CC057: Saurabh Sharma of Jump Capital // Series A and B capital for cloud infrastructure and enterprise software

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Saurabh Sharma 0:00
All of us come from all varying backgrounds. And I would say that DNA kind of flows in somewhat automatically. You want to roll up your sleeves even to help the companies to the extent they need, right. We’re not enforcing this. And I would say that combined with I would say, yeah, to some extent, and midwest primarily them in building these businesses. I do think that differentiates.

Jay Clouse 0:20
The startup investment landscape is changing. and world class companies are being built outside of Silicon Valley. We find them, talk with them and discuss the upside of investing in them. Welcome to Upside.

Hello, hello. Hello, and welcome back to the upside podcast, the first podcast finding upside outside of Silicon Valley. I’m Jay Clouse, and I’m accompanied by my co host, mister money mustache himself Eric Hornung.

Eric Hornung 1:00
Unfortunately, Jay, maybe you can’t see it through this pop filter, but the mustache is no longer.

Jay Clouse 1:06
It’s a little stubbly.

Eric Hornung 1:08
Yeah, it’s a little stubbly it’s, it’s my, it’ll be my first full shave. Since I got rid of the mustache. I did the first two months of quarantine with the beard and the mustache. I was doing my best Jay Clouse. And then I said, You know what, I’m just not a beard guy. It’s not. It’s itchy. It’s, um, I think I’ve described it previously on the podcast as pube.

Jay Clouse 1:32
And I cringe every time you say the word pube on the podcast.

Eric Hornung 1:34
Yeah, it’s I’ve probably said it too many times on the podcast, I would say, yeah, once you get rid of once you get rid of the beard, and you’re looking yourself in the mirror and you say, Can I pull this off? If I walk out of this bathroom? Will my fiance kill me? And you just go for it. It’s a magical moment. Jay. When there’s a there’s a shriek and then an acceptance of this is who I am now. I’m a moustache guy.

Jay Clouse 1:59
You sent me the photo and I was like, Oh, I’m so glad that you shaved it in this order and took the time to get a photo of this before it’s gone. And then it stuck around six weeks.

Eric Hornung 2:09

Jay Clouse 2:10
Was it really there for six weeks?

Eric Hornung 2:11
It might have been five weeks but yeah, something like that.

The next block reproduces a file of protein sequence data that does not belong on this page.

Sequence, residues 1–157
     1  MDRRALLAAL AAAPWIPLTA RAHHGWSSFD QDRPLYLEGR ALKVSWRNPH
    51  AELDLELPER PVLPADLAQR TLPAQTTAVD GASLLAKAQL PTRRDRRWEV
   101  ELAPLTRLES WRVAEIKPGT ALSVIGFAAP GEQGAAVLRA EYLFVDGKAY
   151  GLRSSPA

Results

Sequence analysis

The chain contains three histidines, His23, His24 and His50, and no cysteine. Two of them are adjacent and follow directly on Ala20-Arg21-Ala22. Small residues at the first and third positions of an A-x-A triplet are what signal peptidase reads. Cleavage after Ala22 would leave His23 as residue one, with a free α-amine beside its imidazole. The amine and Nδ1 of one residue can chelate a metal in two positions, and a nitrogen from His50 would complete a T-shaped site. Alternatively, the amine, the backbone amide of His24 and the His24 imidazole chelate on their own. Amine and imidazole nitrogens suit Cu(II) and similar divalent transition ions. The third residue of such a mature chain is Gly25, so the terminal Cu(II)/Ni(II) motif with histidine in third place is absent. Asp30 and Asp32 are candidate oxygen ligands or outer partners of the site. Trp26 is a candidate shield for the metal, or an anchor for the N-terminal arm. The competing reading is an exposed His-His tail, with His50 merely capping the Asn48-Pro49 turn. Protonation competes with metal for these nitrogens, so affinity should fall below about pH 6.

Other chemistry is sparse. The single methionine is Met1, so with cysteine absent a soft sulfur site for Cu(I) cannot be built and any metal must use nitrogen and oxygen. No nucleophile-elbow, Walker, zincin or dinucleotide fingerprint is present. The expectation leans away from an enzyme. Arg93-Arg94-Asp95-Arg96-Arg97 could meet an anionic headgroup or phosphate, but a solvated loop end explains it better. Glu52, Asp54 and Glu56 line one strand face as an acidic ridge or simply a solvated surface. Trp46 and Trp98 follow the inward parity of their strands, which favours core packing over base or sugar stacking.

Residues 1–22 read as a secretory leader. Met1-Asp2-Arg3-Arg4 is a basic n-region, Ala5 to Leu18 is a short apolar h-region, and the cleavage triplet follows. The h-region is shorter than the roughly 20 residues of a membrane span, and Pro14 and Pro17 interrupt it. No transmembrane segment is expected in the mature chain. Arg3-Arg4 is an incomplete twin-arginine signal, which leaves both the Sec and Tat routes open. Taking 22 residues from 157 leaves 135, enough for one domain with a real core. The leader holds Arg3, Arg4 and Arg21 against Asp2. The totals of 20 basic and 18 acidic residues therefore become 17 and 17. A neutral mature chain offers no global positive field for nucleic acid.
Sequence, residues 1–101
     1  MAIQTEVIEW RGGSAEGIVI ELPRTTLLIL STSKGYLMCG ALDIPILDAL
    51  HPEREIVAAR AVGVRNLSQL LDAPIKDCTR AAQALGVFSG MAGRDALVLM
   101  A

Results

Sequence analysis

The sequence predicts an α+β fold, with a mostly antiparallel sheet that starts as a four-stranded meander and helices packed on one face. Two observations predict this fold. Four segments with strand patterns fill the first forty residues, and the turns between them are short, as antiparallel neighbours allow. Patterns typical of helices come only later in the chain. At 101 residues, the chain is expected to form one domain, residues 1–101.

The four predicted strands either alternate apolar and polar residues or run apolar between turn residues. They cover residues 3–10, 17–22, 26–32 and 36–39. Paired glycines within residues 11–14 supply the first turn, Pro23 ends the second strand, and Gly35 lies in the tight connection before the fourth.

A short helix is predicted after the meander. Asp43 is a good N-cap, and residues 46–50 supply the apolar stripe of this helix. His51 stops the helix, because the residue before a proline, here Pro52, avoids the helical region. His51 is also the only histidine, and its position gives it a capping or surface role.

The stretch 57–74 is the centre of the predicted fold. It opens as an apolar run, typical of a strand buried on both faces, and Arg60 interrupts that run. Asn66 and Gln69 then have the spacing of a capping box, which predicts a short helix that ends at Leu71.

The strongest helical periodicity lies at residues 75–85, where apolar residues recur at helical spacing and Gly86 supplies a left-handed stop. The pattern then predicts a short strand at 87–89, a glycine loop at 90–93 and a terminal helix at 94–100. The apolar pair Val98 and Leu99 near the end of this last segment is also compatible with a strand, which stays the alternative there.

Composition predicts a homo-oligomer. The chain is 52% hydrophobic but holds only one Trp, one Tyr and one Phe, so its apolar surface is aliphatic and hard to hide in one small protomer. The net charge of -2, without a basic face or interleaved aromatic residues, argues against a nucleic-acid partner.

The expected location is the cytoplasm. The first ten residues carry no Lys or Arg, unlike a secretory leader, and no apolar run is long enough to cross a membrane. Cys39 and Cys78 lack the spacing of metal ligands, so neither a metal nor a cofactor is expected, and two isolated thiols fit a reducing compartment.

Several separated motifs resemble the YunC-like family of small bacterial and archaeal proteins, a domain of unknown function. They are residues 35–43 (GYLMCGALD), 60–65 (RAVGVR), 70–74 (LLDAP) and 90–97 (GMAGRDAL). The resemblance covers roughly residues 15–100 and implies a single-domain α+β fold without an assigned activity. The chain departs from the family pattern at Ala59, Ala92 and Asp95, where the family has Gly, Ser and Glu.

Jay Clouse 2:13
Wow. And and Colleen was okay with it.

Eric Hornung 2:17
I think she liked it better than the beard.

Jay Clouse 2:20

Eric Hornung 2:21
Yeah. So it was a nice mustache. I won’t lie we got trimmed it up. I gave it a little bit of love. It’s just you know it the mustache life is tough, Jay because you drink a little bit of milk. Yeah, mustache in your milk, milk in your mustache. Whatever is it.

Jay Clouse 2:34
I actually don’t experience many of the mustache pains myself because my mustache is the weakest part of my beard.

Eric Hornung 2:39

Jay Clouse 2:40
So yeah, I go on enumerate on the number of moose mustache problems.

Eric Hornung 2:45
Yeah, yeah, very eating a hot wing with a mustache. You got hot wing for the next four hours because it’s not leaving your mustache. Anyway, yeah. So the mustache the whole That whole that whole phases is behind me, Jay, but it lives on in memoriam.

Jay Clouse 3:05
Well, I’m glad that you made the jump into not only trying the beard but trying a mustache. And speaking of jump, today we are talking with Saurabh Sharma. He is a partner at Jump Capital, a thesis led sector focused and operating centric venture capital firm specializing in series A and B in growth stage investments, Jump Capital invest in data driven technology companies within the FinTech, B2B SaaS, IT data infrastructure and media sectors. They’re based in both Chicago and New York. Eric, how do we find them capital,

Eric Hornung 3:43
I got connected with Jump Capital, indirectly, I think two years ago, maybe it was via Twitter or via an email or something. And so I don’t exactly remember how it happened. But I’ve been in contact via email with a few of the partners there just because I really like the way that they are structured and set up and what they focus on. And they’re very explicit about what they do, which I find to be refreshing in the venture capital space. And we wanted to have a conversation with them. And you know, we got to have one today.

Jay Clouse 4:13